California Supreme Court: Negligent Hiring is an Occurrence

By Denise Johnson | June 13, 2018

In a decision that may have wide ranging effect on California employers, the California Supreme Court last week ruled that negligent hiring can be considered an occurrence.

The coverage case made its way to the state’s highest court when the Ninth Circuit Court of Appeals asked it to certify a question because the law in California was not settled on the issue.

The question:

When a third party sues an employer for the negligent hiring, retention, and supervision of an employee who intentionally injured that third party, does the suit allege an “occurrence” under the employer’s commercial general liability policy?

The Supreme Court found that “the answer turns on whether the injury can be considered “accidental” and found that it can.

The decision, said Caroline Hurtado Ford, an Orange County-based lawyer in the litigation practice group at Haynes & Boone, has significant ramifications for California employers.

According to details provided within the opinion, the San Bernardino Unified School District contracted with the appellants Ledesma & Meyer Construction Company, Inc. and its principals, Joseph Ledesma and Kris Meyer (referred to collectively as L&M) to manage a construction project at a middle school.

L&M hired Darold Hecht in 2003 as an assistant superintendent assigned to the project. In 2010, a 13-year-old-student at the school, known as Jane Doe because of her age, sued L&M in state court alleging Hecht sexually abused her. The allegations against L&M include negligent hiring, retention and supervision of Hecht. L&M tendered defense of the case to its insurer, Liberty Surplus Insurance Corporation and Liberty Insurance Underwriters, Inc. (Liberty). Liberty defended L&M under a reservation of rights and filed a declaratory action in federal court. The insurer argued it had no obligation to defend or indemnify L&M because it claimed the sexual abuse was intentional and thus not an occurrence. The district court agreed and granted summary judgment to Liberty on the cause of action for negligent hiring, retention and supervision. The court opined that the alleged negligent hiring, retention and supervision occurred prior to the “injury-causing conduct committed by Hecht” and that they were too attenuated from the act committed by Hecht.

L&M appealed and argued that the district court misapplied California law.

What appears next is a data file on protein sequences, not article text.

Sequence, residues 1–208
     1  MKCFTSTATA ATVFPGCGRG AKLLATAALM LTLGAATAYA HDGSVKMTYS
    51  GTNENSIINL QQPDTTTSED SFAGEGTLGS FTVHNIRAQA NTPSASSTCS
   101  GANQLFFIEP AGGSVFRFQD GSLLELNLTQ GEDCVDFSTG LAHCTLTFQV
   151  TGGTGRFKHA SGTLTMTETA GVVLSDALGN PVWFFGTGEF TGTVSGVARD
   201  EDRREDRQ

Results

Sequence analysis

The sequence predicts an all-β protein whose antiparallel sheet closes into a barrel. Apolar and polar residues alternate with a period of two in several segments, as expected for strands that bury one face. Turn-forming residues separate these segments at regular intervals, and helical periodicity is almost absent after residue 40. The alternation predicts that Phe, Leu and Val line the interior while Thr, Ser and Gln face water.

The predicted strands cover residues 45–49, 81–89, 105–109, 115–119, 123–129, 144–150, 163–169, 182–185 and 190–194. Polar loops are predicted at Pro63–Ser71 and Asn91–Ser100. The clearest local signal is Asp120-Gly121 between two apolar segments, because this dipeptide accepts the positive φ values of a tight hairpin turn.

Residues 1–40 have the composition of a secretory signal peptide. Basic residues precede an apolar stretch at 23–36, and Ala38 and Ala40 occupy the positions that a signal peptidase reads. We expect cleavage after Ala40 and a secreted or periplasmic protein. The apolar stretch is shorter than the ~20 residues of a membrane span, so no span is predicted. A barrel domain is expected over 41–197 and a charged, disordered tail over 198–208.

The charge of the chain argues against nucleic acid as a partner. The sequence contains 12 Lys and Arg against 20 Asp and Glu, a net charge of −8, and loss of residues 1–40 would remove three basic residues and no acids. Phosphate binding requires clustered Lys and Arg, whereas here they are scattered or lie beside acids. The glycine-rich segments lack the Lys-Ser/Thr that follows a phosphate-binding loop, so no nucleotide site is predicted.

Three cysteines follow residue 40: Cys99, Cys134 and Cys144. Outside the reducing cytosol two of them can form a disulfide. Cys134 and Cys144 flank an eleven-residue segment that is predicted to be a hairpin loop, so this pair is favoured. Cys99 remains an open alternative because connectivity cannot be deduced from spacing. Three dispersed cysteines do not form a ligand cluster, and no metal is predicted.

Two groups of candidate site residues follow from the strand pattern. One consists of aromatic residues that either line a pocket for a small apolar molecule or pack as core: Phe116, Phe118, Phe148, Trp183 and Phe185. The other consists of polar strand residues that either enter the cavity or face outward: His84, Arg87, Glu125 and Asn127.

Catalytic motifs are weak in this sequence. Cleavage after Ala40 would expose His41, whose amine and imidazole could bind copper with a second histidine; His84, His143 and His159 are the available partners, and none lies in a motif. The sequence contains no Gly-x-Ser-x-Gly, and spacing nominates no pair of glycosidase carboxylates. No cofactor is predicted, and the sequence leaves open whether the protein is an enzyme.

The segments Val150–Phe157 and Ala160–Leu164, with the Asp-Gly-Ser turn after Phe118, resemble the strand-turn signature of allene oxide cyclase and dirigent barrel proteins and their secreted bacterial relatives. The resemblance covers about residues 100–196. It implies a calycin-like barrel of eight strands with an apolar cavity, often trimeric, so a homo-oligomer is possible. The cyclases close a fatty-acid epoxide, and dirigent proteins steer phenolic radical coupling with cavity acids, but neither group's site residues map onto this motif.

According to the high court, “the cause of action for negligent hiring, retention or supervision seeks to impose liability on the employer, not the employee.” The court found that the district court’s coverage analysis focused properly on “the alleged negligence of L&M as the insured employer.” Thus, the court found that, “Hecht’s intentional conduct does not preclude potential coverage for L&M.”

The court stated, “Liberty’s arguments, if accepted, would leave employers without coverage for claims of negligent hiring, retention, or supervision whenever the employee’s conduct is deliberate. Such a result would be inconsistent with California law, which recognizes the cause of action even when the employee acted intentionally. The requirements for liability of this kind are not easily met, but they are well established. Absent an applicable exclusion, employers may legitimately expect coverage for such claims under comprehensive general liability insurance policies, just as they do for other claims of negligence.”

While this decision emphasizes that employers need to be mindful of how they supervise their employees, Hurtado Ford said it could also pose implications in other states where coverage law on the issue hasn’t been developed. She added that the court “methodically went through California law” and the decision could have broader implications than just in the employer/employee context. For example, she said the decision could be applied to cases being brought against pharmaceutical companies for the way they distributed and marketed opioids.

The case, Liberty Surplus Insurance Corporation v. Ledesma & Meyer Construction Company, Inc. S236765, will be returned to the Ninth Circuit for further adjudication.

Read the opinion.

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